There is a sweet scent of convergence in the wind, although the connections haven’t really been stitched together yet—at least not as far as I can see. But there is an underlying pattern of currents that, sooner or later, need to merge into something new and improved for making more learning opportunities available to more people in more ways—which means breaking down those many barriers and silos we all seem to love to create, nourish and defend in higher education. These thoughts emerged during discussions at the CONVERGE-EFQUEL 2011 conference in Lisbon, Portugal.
First, open content is boundless in its availability. It’s wonderful and it’s a mess. But we can’t not do anything about that as educators. More on that later. Next, alternative forms of credit and accreditation that can be given to other forms of learning than that gained in the standard university environment: Discussions that took place on outcomes-based learning made it clear that outcomes approaches are vital to moving beyond content- and credit-driven systems of recognition of learning. Third, user-generated content is receiving growing attention—i.e. content that is developed by students in a wide variety of courses and other learning contexts in such socially-shared areas as blogs and micro blogs, journals, podcasts, social bookmarks, wikis, shared videos and photographs, and many other formats—content of sufficient value that it could form content to be used by other learners. The pool is growing and increasingly we see learning communities consisting of instructor-developer-learner partnerships. Fourth is movements in quality that is defined by fitness for purpose and appropriatness for context; i.e. quality not as an “objective characteristic of a learning resource or a service, but … constituted as a specific characteristic of a context which in turn is made up through the realities of the personal, organizational, social and structural interactions of the stakeholders involved” (Thomas Kretschmer at the CONCEDE – EFQUEL2011 conference in Lisbon). There’s more–we have concepts of learning interactions that proceed on the following hierarchy: data-information-knowledge-wisdom-transformation (Steve Wheeler at the same conference), reminding us that content (data and information) is only the beginning. Up to data and information, scouring the Web is very much up to the task for learner. Building up towards knowledge begins to occur when there are reliable guides available or open courses with inbuilt pedagogical interactions. But when it comes to wisdom and transformation – the praxis of both knowing and doing – that is where higher education can continue to excel, if the convergence is allowed to continue and learning extends beyond the classroom and reaches into the world around us.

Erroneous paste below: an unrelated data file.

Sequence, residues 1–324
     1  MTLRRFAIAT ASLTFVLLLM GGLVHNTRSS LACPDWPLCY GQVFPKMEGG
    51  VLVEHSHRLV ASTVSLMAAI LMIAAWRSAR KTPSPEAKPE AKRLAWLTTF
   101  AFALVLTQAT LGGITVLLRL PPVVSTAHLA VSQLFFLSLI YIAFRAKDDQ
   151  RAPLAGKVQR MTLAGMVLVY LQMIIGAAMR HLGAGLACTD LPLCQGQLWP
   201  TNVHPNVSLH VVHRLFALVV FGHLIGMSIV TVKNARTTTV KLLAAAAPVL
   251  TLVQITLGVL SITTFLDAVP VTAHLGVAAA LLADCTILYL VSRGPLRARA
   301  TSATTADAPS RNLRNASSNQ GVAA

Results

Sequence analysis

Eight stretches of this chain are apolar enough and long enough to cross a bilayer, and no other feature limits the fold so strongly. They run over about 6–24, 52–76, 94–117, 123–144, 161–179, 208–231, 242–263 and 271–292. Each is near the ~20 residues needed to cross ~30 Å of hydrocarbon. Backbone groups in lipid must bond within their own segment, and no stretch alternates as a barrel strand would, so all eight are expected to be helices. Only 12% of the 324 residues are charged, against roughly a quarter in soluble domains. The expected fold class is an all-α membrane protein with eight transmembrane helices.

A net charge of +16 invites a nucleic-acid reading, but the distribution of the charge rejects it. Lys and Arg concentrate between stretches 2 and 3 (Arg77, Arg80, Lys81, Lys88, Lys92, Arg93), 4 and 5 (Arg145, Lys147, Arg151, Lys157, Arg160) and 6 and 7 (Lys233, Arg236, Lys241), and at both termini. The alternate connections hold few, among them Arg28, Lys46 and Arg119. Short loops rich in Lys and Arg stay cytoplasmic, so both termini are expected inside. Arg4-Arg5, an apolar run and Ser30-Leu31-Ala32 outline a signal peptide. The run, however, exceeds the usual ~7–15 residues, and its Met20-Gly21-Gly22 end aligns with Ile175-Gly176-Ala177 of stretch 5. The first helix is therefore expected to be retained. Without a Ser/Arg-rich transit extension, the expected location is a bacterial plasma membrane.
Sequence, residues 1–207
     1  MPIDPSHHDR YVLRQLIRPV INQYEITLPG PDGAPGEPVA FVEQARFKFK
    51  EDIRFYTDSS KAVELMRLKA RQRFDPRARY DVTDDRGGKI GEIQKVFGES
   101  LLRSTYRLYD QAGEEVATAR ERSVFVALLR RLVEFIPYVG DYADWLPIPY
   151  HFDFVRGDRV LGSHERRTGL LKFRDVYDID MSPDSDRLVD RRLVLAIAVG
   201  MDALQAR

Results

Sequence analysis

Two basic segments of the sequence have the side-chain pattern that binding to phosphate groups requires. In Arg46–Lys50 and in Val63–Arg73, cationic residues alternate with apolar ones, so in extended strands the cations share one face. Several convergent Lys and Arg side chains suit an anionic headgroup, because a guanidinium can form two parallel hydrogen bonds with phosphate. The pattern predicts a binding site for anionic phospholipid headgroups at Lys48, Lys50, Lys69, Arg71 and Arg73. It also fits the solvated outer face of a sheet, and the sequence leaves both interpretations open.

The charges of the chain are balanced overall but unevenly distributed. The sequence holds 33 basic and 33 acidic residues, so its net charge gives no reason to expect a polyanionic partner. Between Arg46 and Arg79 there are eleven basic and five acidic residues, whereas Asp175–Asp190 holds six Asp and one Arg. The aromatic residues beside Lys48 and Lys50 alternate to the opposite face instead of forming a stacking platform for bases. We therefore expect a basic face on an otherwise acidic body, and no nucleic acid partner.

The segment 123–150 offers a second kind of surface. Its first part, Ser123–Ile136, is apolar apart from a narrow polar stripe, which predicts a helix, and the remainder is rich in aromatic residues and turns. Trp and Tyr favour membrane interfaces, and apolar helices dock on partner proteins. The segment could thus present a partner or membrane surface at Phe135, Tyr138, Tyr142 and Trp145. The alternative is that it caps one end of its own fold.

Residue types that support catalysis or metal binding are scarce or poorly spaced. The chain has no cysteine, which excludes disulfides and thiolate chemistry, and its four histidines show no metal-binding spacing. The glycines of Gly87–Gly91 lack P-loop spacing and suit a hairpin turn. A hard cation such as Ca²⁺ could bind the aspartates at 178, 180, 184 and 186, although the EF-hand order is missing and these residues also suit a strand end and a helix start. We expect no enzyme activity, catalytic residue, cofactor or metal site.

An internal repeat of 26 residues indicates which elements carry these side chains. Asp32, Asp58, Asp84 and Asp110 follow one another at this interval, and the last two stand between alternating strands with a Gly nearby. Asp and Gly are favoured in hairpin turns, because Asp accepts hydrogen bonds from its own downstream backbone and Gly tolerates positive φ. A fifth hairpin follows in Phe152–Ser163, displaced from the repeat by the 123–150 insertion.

That brings us back to OER, the discussion and practice around Open Educational Resources and how they can be developed, discovered, used and revised. There is nothing new in the concept — but with the development of the Open Education Resources university (OERu), there is now a core of committed institutions (including, happily, mine) seeking to contribute a core of OER-based courses toward a coherent combination culminating at the degree level. This is wonderful news, especially for learners in countries that desperately need more higher education but can’t afford it. But to make it fly, we need to find the will and way to continue the convergence.